New housing complex brings the beginning of transformation to Liberty City
In the final three weeks of their session, legislators have an opportunity to boost the economy by ensuring that affordable housing trust funds are used for their intended purpose.
With the passage of the William E. Sadowski Act in 1992, legislators created a dedicated funding source for the development of affordable housing. Each year, the Act generates hundreds of millions of dollars through the collection of a documentary stamp tax on the sale of real estate. Unfortunately, over the past 10 years, the Legislature has diverted nearly $1.4 billion to balance the state budget. The continued raiding drastically reduces resources needed by local governments and developers to build quality housing for our teachers, police officers and health professionals.
Gov. DeSantis and the state Senate are recommending full funding of affordable housing programs in their respective budgets at $331.9 million. However, the state House proposes to again divert $200 million into general revenue, with only $123.6 million going to housing projects.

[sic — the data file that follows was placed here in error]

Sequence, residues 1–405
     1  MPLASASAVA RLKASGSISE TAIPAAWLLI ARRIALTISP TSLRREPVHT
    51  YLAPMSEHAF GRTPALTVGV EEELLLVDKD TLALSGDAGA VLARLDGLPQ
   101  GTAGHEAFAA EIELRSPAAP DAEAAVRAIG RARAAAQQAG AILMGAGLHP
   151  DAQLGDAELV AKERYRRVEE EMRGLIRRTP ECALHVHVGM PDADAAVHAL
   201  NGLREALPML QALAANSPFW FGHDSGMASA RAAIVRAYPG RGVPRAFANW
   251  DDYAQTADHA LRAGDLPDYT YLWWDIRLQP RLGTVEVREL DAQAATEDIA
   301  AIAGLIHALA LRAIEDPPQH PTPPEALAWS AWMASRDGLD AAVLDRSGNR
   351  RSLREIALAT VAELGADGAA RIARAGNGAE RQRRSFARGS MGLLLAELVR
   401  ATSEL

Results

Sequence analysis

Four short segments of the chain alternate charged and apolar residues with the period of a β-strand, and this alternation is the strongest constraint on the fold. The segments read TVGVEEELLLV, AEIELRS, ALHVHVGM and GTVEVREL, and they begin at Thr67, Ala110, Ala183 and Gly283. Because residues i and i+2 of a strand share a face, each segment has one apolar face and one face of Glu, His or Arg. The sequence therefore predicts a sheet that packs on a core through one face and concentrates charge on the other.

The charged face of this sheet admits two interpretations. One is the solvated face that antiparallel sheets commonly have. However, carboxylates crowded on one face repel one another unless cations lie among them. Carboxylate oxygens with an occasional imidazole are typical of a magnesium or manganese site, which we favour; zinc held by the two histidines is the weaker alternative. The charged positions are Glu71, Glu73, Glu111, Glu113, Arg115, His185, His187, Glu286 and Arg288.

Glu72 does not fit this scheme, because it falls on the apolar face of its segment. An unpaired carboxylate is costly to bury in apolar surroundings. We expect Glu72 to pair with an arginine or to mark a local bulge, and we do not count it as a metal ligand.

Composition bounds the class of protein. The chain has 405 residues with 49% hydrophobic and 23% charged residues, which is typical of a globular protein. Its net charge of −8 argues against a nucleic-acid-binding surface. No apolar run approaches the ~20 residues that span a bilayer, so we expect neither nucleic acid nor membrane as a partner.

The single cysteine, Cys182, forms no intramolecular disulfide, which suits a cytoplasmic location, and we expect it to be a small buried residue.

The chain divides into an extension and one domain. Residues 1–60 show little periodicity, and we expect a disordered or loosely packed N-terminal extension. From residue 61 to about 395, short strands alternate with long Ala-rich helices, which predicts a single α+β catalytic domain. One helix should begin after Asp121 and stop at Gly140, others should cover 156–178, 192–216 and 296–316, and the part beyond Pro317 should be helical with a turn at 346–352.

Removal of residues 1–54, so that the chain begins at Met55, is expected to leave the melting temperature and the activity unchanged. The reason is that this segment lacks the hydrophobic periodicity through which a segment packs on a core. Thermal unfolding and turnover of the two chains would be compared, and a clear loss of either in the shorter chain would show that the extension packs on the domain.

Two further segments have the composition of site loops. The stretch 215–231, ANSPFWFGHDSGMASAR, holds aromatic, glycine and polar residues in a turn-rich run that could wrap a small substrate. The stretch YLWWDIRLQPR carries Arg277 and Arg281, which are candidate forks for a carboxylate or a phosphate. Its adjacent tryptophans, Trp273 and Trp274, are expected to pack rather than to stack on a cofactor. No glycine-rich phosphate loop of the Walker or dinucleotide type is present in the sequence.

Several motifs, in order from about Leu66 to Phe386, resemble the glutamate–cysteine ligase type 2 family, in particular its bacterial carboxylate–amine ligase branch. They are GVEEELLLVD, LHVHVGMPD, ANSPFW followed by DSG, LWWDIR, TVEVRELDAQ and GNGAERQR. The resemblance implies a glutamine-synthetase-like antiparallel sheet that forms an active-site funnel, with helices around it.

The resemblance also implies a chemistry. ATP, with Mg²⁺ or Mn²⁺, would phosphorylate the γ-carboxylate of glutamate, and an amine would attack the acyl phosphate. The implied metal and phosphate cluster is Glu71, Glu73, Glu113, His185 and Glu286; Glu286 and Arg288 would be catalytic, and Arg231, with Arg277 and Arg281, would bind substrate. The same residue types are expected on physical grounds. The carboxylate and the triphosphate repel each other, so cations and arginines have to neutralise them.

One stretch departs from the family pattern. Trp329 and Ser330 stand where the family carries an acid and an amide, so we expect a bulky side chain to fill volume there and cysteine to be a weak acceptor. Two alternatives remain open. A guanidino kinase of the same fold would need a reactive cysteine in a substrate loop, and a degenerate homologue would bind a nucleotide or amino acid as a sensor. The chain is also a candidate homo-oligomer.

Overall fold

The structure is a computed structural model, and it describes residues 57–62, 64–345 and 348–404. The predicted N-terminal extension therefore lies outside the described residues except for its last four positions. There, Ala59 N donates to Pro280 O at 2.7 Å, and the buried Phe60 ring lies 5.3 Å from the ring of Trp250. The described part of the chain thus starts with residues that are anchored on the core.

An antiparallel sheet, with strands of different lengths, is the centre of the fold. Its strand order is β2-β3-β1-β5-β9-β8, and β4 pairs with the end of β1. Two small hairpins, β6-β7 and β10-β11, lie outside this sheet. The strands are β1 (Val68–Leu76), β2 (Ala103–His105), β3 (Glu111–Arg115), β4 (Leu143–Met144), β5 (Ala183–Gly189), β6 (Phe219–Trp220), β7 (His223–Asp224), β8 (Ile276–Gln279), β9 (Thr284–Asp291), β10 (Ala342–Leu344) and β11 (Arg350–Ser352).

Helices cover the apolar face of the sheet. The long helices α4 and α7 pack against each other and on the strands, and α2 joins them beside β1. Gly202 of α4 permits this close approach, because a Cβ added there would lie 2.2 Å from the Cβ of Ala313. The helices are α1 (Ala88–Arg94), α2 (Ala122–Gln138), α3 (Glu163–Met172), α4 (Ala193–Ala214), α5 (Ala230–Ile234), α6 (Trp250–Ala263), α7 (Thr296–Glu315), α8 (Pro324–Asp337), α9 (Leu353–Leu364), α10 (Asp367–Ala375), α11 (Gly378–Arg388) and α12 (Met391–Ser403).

Creating affordable housing not only improves the lives of families, but improves the overall economy. In 2018, the state Legislature siphoned $182 million and allocated only $123 million to affordable housing. According to the Sadowski Housing Coalition, if the full $305 million had been used for affordable housing, the state would have realized $4 billion in total economic impact through the creation of 28,000 construction jobs and $1.4 billion in labor income.
To truly address the affordable housing crisis gripping the state, our legislators should work together and refrain from sweeping crucial housing dollars to the state’s general fund. We must act now to address this crisis.
Daniella Levine Cava,